Other colonies did have their own forces such as the Royal Australian Air force, but most of these were pre-war formations. Royal Navy ships, bombers, etc usually had a mix of personnel from all over the Empire. Territorial based infantry regiments tried to keep their ranks full with men from their traditional recruiting grounds, such as the Oxford and Buckinghamshire light infantry (Ox and Bucks), but as the war ground on that became impossible.




A Royal Air Force de Havilland Mosquito B.XVI (serial ML963) in flight. ML963, 8K-K “King” of No. 571 Squadron,30 September 1944.

(Photo courtesy wikpedia).

The “Timber Terror” out-performed almost every other aircraft in World War Two. What made this aircraft so unusual was its versatility.  In addition to its initial role as a fighter bomber, the Mosquito functioned equally well as a high altitude night bomber, night fighter, U-boat hunter, photo reconnaissance plane, daytime low altitude bomber, and daytime fighter. No wonder its other nickname was the “Wooden Wonder.” The Oxford Dictionary of National Biography says the de Havilland Mosquito is thought to be the most versatile warplane ever built. I think anyone who studies the plane would agree.


Mosquito being bombed up with a 2,000 lb “cookie.”

(photo courtesy of Imperial War Museum)

The RAF Mosquito annoyed the Germans to no end.

In 1943, said Reichsmarshal Göring, the foul, drug-addicted toad who was C-in-C of the Luftwaffe:

“It makes me furious when I see the Mosquito. I turn green and yellow with envy. The British, who can afford aluminum better than we can, knock together a beautiful wooden aircraft that every piano factory over there is building, and they give it a speed which they have now increased yet again. What do you make of that? There is nothing the British do not have. They have the geniuses and we have the nincompoops. After the war is over I’m going to buy a British radio set – then at least I’ll own something that has always worked.”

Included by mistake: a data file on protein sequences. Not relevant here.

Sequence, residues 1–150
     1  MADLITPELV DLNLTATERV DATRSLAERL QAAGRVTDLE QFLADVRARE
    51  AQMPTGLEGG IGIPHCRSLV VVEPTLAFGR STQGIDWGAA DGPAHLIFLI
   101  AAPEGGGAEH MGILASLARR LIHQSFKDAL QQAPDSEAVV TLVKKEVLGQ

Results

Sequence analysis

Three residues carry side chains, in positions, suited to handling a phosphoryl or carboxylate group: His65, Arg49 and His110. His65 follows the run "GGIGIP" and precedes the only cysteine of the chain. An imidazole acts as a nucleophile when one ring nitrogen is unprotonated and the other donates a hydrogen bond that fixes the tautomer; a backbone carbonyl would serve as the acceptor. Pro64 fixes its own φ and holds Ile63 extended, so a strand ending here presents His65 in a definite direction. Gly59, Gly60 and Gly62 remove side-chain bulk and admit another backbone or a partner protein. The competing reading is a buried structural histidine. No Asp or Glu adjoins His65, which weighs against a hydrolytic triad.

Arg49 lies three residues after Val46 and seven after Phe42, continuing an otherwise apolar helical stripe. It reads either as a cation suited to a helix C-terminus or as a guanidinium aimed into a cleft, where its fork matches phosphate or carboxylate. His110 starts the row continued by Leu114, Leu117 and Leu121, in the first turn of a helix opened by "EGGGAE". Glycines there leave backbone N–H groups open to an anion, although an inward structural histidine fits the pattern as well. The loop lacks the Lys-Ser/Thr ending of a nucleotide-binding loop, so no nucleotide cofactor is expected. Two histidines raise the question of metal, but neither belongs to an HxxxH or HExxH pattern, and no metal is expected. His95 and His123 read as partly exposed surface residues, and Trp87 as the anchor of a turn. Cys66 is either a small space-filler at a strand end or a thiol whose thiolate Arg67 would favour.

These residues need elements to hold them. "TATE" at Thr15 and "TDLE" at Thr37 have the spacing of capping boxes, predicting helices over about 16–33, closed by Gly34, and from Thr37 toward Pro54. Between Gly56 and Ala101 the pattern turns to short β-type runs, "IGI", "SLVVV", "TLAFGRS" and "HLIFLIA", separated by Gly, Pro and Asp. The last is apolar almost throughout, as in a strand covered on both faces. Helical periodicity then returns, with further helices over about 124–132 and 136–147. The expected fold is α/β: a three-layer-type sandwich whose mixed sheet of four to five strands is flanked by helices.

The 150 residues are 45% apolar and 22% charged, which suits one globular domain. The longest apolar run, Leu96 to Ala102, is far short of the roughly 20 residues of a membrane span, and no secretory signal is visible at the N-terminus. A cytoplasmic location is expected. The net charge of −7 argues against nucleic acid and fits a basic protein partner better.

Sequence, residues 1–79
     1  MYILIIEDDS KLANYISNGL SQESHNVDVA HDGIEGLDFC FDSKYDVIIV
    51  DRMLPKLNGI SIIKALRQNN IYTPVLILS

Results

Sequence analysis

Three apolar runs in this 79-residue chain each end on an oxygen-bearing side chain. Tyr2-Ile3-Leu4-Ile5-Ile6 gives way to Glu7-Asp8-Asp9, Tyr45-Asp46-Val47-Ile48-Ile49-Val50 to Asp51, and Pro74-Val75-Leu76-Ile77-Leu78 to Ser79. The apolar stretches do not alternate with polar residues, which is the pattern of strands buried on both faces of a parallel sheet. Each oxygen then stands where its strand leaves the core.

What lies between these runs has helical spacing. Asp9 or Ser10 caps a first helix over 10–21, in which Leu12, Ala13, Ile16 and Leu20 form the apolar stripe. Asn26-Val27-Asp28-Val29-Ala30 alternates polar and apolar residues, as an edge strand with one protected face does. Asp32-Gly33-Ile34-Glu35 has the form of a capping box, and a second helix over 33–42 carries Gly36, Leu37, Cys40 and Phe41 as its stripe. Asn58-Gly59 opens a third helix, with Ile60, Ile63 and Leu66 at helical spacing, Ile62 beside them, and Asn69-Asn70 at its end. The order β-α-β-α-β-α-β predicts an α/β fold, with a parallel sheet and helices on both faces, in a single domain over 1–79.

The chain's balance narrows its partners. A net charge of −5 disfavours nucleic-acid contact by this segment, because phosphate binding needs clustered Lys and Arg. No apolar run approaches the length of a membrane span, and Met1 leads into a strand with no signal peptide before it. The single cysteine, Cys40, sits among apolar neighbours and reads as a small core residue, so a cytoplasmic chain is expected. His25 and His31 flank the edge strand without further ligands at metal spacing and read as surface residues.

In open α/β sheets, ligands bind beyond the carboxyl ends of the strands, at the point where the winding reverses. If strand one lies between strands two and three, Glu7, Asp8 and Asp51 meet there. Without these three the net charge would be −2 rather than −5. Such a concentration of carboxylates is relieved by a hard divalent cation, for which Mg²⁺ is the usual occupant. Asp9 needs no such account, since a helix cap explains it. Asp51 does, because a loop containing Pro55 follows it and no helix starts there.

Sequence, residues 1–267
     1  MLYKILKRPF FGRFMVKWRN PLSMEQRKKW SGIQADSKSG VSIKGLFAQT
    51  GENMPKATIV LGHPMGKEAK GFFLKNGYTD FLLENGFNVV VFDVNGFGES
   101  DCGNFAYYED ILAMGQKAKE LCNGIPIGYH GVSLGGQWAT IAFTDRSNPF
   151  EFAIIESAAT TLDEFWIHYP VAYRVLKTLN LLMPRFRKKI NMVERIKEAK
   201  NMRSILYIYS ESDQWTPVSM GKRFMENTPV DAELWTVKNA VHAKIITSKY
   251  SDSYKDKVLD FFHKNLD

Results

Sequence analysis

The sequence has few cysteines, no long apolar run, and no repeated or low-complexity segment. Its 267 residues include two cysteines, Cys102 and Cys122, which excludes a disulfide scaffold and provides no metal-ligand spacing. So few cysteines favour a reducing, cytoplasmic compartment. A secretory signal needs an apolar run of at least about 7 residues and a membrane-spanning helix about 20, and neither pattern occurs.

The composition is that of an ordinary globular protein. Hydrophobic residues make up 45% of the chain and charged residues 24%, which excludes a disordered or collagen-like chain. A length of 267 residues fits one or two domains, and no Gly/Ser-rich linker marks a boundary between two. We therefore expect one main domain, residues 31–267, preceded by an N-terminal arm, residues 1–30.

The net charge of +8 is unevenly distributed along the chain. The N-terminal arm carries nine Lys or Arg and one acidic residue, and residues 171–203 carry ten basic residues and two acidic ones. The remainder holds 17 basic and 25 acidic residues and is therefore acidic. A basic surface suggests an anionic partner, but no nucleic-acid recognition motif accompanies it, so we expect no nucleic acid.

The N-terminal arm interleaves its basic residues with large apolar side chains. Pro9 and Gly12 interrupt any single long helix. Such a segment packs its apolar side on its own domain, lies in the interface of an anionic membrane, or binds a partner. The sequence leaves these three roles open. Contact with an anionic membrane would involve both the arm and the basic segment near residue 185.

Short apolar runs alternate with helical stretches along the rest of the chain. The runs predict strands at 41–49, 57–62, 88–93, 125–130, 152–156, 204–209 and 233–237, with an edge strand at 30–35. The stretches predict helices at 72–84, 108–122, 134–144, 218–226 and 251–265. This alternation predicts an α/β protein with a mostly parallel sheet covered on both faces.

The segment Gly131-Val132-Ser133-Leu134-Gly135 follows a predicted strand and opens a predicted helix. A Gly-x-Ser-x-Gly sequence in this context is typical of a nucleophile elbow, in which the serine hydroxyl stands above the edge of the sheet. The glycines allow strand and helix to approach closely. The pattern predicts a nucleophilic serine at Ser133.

– as cited in “Pathfinder Aircraft” published by the RAF




Royal Air Force- 2nd Tactical Air Force, 1943-1945.
A De Havilland Mosquito NF Mark XIII of No. 604 Squadron RAF prepares to taxy out onto the perimeter track in the melting snow at B51/Lille-Vendeville, France, for a night sortie.
Date between 1943 and 1945.

(photo courtesy of the Imperial War Museum)

The aircraft was the brainchild of Geoffrey de Havilland, the design and industrial genius behind the de Havilland Aircraft Company in Great Britain. He was a first cousin to actresses Olivia de Havilland and Joan Fontaine – who were sisters. Their father and Geoffrey’s father were half-brothers.

The prototype made its first flight in late 1940 and was put through RAF testing in February of 1941. It out-performed the Supermarine Spitfire in the two critical areas de Havilland had envisioned: speed and altitude. The Mosquito tested out at a top speed of 392 mph (631 km/h) at 22,000 ft (6,700 m) altitude, compared to a top speed of 360 mph (579 km/h) at 19,500 ft (6,000 m) for the Spitfire. Quite an accomplishment.



beautiful color photo of a de Havilland Mosquito

(photo courtesy of www.wwiitanks.com/2012_12_01_archive)

During his long life – 1882 to 1965  – he died at age 82 and had continued to fly until he was 70, Geoffrey de Havilland set many records, invented many things, and lived large.  But he will ever be remembered for the incredible deHavilland Mosquito which was so important to Allied victory. I wish I could have met him once.